WFP and UNAIDS join forces against HIV/AIDS

Rome, 6 February 2003 - The United Nations World Food Programme (WFP) and the Joint United Nations Programme on HIV/AIDS (UNAIDS) formally joined forces to cope with the growing links between HIV/AIDS, regional food shortages and chronic hunger. An agreement signed today at WFP's Executive Board meeting increases their co-operation to save millions of lives - especially in Africa, South-East Asia and the Caribbean.
"Food aid plays a pivotal role in responding to HIV/AIDS. The first thing poor families affected by AIDS ask for is not cash or drugs, it is food. And food has to be one of the weapons in the arsenal against this disease," said James T. Morris, WFP's Executive Director.

"The HIV/AIDS epidemic and the hunger it brings with it, are triggering the premature death of thousands of productive people - particularly women - across southern Africa, as well as wrecking the livelihoods of millions more, which will undoubtedly provoke future famines," Morris added, having recently been in Africa - home to around three quarters of the global number of people, 42 million, currently living with HIV/AIDS.

"People living with HIV/AIDS as well as those who are malnourished are caught in a vicious cycle," said Dr Peter Piot, UNAIDS Executive Director. "Those who are infected are often unable to feed themselves. Without good nutrition, they are robbed of one of the defences against AIDS-related illnesses and early death. At the same time, hunger often forces people to engage in high-risk survival strategies, such as sex work, which in turn

" Seven million farmers have lost their lives to AIDS in Africa and that is having a dramatic impact on food production. WFP and UNAIDS are calling for a radical and urgent approach to address the fatal links between the disease, chronic food shortages and malnutrition. AIDS-affected households are often hungry, farmers are too weak to plant, families do not have the capacity to produce or purchase food, forcing people to adopt survival strategies that might endanger their lives. Some migrate, often to urban slums where they lack access to education and health services; women and children are forced to barter sex for food, jobs and other basic essentials; and children leave school to find work or forage for food.

Under the agreement, WFP and UNAIDS will direct their joint efforts to emergency situations with a special focus on pregnant women and orphans, among the most vulnerable to the impact of HIV/AIDS. At the same time, they will strive to make food security an integral part of the battle waged by governments and partners against HIV/AIDS.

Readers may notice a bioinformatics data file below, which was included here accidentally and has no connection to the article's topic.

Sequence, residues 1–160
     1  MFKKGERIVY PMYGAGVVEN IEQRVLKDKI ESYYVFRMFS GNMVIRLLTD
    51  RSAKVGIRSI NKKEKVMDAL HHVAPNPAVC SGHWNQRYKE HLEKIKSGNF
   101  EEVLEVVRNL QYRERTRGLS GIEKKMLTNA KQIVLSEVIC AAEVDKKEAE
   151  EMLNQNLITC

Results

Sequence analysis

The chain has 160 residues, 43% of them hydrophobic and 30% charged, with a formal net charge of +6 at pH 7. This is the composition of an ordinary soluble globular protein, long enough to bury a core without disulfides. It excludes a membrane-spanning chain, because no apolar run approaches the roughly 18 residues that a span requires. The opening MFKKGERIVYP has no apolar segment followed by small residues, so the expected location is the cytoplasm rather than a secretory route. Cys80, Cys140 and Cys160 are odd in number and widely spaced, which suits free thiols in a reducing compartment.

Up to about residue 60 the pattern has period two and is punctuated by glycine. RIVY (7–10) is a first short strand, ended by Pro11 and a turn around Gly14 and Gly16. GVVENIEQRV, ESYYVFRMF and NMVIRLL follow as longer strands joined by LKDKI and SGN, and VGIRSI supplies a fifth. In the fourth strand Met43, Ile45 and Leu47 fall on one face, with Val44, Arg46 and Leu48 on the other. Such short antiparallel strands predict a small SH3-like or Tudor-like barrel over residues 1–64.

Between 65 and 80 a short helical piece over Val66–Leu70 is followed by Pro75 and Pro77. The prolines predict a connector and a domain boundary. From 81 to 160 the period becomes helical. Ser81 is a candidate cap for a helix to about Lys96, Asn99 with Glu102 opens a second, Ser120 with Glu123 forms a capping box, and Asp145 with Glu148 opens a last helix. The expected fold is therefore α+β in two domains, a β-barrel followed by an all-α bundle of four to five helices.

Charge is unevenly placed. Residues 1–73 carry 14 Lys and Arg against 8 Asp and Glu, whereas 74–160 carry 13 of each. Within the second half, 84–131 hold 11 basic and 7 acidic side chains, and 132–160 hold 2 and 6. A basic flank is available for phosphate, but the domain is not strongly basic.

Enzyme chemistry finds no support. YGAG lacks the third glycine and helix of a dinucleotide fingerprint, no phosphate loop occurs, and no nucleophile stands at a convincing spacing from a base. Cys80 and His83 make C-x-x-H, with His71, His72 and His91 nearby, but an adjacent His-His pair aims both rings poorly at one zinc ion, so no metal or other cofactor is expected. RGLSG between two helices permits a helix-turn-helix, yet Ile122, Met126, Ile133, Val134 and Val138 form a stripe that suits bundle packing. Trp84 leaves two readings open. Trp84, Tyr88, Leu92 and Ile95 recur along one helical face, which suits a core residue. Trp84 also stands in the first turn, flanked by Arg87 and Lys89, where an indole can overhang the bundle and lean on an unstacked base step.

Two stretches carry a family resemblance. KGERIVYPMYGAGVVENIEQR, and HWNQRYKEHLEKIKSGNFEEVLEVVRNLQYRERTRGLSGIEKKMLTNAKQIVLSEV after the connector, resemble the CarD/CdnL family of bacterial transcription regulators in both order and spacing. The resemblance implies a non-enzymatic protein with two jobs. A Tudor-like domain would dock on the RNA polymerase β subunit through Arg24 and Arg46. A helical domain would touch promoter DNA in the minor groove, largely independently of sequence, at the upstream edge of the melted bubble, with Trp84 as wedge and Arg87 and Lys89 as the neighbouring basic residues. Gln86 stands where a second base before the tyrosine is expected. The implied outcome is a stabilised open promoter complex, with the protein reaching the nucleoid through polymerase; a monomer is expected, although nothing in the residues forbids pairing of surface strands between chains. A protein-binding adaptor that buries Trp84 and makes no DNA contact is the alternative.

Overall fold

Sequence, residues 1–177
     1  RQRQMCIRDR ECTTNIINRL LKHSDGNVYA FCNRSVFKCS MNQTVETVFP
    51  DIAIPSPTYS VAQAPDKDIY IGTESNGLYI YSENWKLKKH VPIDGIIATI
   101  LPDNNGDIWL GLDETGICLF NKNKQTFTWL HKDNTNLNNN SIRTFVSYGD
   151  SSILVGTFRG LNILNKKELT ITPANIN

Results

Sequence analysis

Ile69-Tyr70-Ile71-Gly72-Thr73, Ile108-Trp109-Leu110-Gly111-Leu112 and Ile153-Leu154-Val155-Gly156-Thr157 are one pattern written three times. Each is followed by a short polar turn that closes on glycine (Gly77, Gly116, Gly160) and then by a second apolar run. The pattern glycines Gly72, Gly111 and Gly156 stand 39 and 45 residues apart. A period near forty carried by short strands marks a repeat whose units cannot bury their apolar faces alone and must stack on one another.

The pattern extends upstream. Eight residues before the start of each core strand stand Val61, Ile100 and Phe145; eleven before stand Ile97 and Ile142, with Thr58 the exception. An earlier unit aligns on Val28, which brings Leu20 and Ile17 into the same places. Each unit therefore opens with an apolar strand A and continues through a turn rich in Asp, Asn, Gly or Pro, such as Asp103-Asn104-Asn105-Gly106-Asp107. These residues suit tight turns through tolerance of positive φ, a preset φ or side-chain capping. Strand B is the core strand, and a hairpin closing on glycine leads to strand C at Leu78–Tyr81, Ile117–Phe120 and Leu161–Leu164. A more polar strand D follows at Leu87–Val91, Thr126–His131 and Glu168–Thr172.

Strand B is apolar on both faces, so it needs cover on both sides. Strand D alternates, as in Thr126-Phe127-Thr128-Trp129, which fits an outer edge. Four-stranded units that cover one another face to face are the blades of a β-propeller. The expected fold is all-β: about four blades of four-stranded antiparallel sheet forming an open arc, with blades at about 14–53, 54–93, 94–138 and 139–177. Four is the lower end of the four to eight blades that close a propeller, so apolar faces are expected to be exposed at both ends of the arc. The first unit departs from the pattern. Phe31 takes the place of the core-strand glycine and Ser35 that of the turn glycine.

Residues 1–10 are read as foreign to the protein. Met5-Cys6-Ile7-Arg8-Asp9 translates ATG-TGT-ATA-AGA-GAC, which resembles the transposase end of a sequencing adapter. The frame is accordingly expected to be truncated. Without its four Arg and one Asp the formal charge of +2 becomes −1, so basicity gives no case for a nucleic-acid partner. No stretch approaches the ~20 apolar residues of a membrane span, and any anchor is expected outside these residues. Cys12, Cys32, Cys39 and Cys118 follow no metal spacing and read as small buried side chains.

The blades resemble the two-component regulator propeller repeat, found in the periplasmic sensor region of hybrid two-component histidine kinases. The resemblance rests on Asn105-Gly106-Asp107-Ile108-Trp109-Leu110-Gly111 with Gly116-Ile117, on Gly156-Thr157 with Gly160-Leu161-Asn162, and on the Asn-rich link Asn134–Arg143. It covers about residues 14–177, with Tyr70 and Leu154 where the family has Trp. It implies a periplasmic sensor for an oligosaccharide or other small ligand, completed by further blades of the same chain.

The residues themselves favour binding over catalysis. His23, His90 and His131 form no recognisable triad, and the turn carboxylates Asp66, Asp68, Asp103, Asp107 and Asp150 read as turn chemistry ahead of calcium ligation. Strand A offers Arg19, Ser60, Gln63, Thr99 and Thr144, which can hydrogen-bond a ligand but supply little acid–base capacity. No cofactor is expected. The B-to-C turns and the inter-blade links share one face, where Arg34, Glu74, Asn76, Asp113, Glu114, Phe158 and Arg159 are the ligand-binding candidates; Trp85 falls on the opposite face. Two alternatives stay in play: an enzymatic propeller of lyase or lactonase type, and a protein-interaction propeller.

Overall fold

WFP takes responsibility for the management of HIV/AIDS-related food programmes, while UNAIDS will offer technical assistance, promoting access to care including home-based care, impact evaluation, the reduction of vulnerability to HIV/AIDS and the identification of appropriate local partners.

WFP and UNAIDS will work to improve the access of orphans and other vulnerable children to WFP school feeding programmes. Both organizations will also explore other options to relieve needy children, such as take-home rations, food for work, food for vocational training and apprenticeships.

UNAIDS will support WFP in advocating for research in nutrition and food security issues related to HIV/AIDS.

Finally, WFP and UNAIDS will seek a wide range of partnerships from UN agencies, governments, bilateral donors and with international NGOs and civil society groups in order to build a massive global response to HIV/AIDS.

"Action is required urgently," Morris emphasized. "Only through building partnerships can we hope to avert catastrophe and prevent HIV/AIDS from threatening the very existence of so many people in desperate need of our help.

" Note to media: Photographs from the signing ceremony are available to journalists by contacting Rein Skullerud, Tel.: +39-06-65132687.

WFP is the world's largest humanitarian agency and the United Nations' front-line agency in the fight against global hunger. WFP assists around 80 million people a year in 82 countries.

UNAIDS is the leading advocate for worldwide action against HIV/AIDS, bringing together eight United Nations organizations. It leads, strengthens and supports an expanded response to the epidemic that will prevent the spread of HIV, provide care and support for those infected and affected by the disease, reduce the vulnerability of individuals and communities to HIV/AIDS, and alleviate the impact of the epidemic.

For more information please contact:

Trevor Rowe, WFP Chief Spokesperson, Tel. +39-06-65132602
Christiane Berthiaume, Public Affairs Officer, WFP Geneva, Tel. +41-22-9178564
Khaled Mansour, Public Information Officer, WFP New York, Tel +1-212-9635196

Anne Winter, UNAIDS Geneva, Tel. +41-22-791 4577
Dominique De Santis, UNAIDS Geneva, Tel. +41-22-791 4509
Andrew Shih, UNAIDS New York, Tel. +1-212-584 5024